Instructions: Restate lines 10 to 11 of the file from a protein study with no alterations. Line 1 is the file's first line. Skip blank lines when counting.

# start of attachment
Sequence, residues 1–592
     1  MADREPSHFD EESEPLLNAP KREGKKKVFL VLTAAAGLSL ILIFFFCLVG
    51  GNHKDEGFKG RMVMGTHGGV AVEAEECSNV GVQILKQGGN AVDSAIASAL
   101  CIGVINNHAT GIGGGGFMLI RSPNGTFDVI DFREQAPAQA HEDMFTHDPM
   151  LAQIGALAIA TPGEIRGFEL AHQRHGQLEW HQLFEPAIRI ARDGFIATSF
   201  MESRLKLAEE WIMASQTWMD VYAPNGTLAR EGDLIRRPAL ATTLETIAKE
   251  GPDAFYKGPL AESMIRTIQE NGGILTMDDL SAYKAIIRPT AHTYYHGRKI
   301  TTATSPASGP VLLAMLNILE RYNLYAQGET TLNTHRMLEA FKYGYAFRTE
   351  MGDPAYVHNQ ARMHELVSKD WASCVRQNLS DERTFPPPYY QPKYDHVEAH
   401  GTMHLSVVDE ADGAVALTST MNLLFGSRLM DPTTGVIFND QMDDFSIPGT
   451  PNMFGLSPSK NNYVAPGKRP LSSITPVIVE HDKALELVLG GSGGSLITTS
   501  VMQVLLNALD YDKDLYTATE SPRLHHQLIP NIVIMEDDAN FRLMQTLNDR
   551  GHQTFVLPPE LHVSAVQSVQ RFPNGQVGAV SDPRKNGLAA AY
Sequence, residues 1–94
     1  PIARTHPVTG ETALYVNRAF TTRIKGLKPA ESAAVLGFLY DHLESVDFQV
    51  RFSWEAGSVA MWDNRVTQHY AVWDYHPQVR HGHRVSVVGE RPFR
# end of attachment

   401  GTMHLSVVDE ADGAVALTST MNLLFGSRLM DPTTGVIFND QMDDFSIPGT
   451  PNMFGLSPSK NNYVAPGKRP LSSITPVIVE HDKALELVLG GSGGSLITTS